Category Archives: boards of directors

Buffett: Always the Optimist

How much attention is Berkshire Hathaway’s board paying to CEO succession these days? “It’s all we talk about [at board meetings],” Buffett recently told writer Bethany McLean.

In an interview running in the February edition of Vanity Fair (which hit newsstands yesterday), Buffett didn’t shed much new light on who will inherit the mantle at Berkshire Hathaway (it was reported some time ago that the CEO and chief investment officer jobs, now both held by Buffett, would be divided between two or more people). But it’s always refreshing to hear the Oracle of Omaha once again offer up his  optimistic viewpoint on America’s resiliency and future.

 “We had four million people here in 1790,” Buffett told McLean. “We’re not more intelligent than people in China, which then had 290 million people, or Europe, which had 50 million. We didn’t work harder, we didn’t have a better climate, and we didn’t have better resources. But we definitely had a system that unleashes potential. …

 “Since then, we’ve been through at least 15 recessions, a civil war, a Great Depression. … All of these things happen. But this country has optimized human potential [italics my own], and it’s not over yet.”

Not a bad way to finish up the first workweek of the year.

Limiting Your Human Capital Risk

After seeing invites to a number of previous events, I finally was able to carve out some time yesterday to get to Argyle’s Human Capital Leadership Forum in New York.

I was especially interested in hearing the first main speaker, Orlando Ashford, senior vice president of human resources at Marsh & McLennan Cos., who opened the conference with a talk on “Managing Human Capital Risk.” Considering MMC is in the risk-management business and the allegations of price-fixing that plagued the firm roughly six years ago (an $850 million settlement was eventually reached), Ashford seemed to select a topic that’s near and dear to MMC on at least a couple of fronts. (Ashford joined MMC in 2008, coming there from Coca-Cola.)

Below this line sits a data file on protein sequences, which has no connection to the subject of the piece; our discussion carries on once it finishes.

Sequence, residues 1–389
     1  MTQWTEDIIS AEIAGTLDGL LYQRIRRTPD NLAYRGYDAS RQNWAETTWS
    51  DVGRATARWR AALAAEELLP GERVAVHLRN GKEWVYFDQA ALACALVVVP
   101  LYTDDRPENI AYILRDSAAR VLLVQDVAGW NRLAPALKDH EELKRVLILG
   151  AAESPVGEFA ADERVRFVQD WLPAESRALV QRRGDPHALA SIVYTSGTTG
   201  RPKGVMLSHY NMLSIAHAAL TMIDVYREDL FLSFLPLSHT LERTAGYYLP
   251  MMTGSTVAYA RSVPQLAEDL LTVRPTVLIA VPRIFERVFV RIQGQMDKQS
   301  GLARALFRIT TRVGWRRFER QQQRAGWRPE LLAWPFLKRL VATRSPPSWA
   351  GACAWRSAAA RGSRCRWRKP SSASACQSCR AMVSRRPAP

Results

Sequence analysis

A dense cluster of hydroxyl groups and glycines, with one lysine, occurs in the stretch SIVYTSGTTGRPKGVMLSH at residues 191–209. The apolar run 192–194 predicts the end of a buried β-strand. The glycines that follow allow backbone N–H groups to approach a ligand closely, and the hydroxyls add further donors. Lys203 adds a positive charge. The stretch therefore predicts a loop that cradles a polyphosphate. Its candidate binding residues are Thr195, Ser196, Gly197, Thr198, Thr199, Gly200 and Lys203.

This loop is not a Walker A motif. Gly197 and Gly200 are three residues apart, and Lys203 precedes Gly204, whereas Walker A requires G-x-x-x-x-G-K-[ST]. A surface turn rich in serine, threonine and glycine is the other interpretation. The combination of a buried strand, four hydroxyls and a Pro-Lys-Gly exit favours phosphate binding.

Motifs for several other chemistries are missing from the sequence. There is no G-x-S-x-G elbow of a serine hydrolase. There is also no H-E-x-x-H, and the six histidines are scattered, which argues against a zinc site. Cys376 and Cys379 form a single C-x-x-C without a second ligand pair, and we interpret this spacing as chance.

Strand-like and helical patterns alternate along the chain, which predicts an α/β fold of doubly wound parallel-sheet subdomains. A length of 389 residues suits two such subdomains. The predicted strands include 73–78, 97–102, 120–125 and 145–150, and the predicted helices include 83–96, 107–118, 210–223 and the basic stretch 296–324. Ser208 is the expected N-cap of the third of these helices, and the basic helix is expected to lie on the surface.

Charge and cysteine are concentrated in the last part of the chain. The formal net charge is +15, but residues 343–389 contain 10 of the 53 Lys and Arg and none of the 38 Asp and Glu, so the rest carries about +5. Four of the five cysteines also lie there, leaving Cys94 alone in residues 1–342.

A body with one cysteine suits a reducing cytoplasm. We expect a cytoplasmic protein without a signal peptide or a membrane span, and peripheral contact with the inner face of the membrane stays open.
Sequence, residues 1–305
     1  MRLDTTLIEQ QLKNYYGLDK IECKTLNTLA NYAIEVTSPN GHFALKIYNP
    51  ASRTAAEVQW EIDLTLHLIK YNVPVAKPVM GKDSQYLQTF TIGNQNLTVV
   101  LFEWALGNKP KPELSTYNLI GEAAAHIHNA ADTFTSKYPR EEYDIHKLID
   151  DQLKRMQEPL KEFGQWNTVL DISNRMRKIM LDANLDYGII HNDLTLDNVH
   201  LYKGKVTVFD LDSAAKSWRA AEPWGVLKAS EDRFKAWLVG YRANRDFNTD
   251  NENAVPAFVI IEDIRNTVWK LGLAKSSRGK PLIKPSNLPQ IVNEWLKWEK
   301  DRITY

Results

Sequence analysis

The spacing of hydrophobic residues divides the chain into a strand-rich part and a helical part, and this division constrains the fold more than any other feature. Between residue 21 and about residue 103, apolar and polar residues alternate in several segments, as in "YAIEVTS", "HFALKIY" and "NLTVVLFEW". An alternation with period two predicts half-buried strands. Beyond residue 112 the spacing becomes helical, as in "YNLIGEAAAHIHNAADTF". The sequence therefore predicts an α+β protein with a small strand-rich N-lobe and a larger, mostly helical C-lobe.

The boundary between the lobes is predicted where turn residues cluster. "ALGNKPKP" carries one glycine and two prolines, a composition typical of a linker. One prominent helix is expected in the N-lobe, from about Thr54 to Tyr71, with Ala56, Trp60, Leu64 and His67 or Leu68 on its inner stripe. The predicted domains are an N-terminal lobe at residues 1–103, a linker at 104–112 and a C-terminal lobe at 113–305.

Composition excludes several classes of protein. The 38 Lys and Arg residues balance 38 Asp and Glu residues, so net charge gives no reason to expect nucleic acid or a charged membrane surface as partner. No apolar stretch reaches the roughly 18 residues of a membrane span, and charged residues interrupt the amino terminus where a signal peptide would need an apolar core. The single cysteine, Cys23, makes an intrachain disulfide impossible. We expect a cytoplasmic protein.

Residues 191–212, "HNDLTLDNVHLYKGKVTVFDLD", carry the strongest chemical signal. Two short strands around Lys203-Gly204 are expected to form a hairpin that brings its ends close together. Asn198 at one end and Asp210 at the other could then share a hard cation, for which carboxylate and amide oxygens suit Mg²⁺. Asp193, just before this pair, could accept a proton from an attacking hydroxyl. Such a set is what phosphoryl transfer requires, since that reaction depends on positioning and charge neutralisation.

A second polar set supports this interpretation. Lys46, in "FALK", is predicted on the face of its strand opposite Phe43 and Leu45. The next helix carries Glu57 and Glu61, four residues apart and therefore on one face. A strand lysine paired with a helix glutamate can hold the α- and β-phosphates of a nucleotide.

Unfortunately, Ashford didn’t have much to say specifically about MMC, but he did a fine job detailing some ways HR leaders can help businesses mitigate human capital risk, which he summarized as the ability (or inability) to “attract, develop and retain key personnel and to create an organization whose employees are optimized to create value for the business.”

Ashford shared several examples of human capital risk, but not surprisingly cited CEO succession as the most critical. (MCC has had three CEOs in the past six year, with its current CEO, Brian Duperreault, taking the helm in 2008.)

Succession is extremely important across the entire enterprise, he said, but has to start  with CEO succession. “Most boards agree that one of their most important roles is choosing the next CEO,” he said, “but, on average, boards spend less than two hours per year on CEO succession.”

To be sure, this is a process that’s owned and managed by the board. But as Ashford reminded conference attendees, it’s also one that frequently involves HR, beginning with putting in place processes that enable discussions around succession to happen.

Study Shows Sharp Divide Between Genders on Boards

Nothing really surprising in this release about new research from Heidrick & Struggles and WomenCorporateDirectors showing a big gender divide between male and female board directors on issues of diversity and pay.

Nearly 400 male and female directors were surveyed on what they see as keys to restoring public trust in corporate boards after the economic crisis. While a majority of women respondents (65 percent versus 35 percent of men) said they believe diversity is paramount in this quest, only about half of men and women directors think their boards are doing a good job of advancing it.

Women also seem to have much greater faith in new regulations regarding executive compensation systems (45 percent versus 22 percent for men), proxy access (38 percent versus 17 percent) and enhanced risk-management systems (40 percent versus 1 percent).

Another finding: More women directors than men felt three or more women on a board made it more effective (51 percent versus 12 percent) and that women brought unique attributes to a board (90 percent versus 56 percent). I’m especially fond of that last statistic … not.

My overall take on this? Since women are still personally struggling with issues of pay and gender equity in the workplace, and in the upper echelons of C-suites and boards of directors, it makes sense that they’re the ones who “get it” when it comes to determining the importance of these issues in building overall corporate trust.

Susan Stautberg, co-founder and co-chair of WCD, says the survey also reflects that “women directors, more than men, seem open to challenging the status quo.”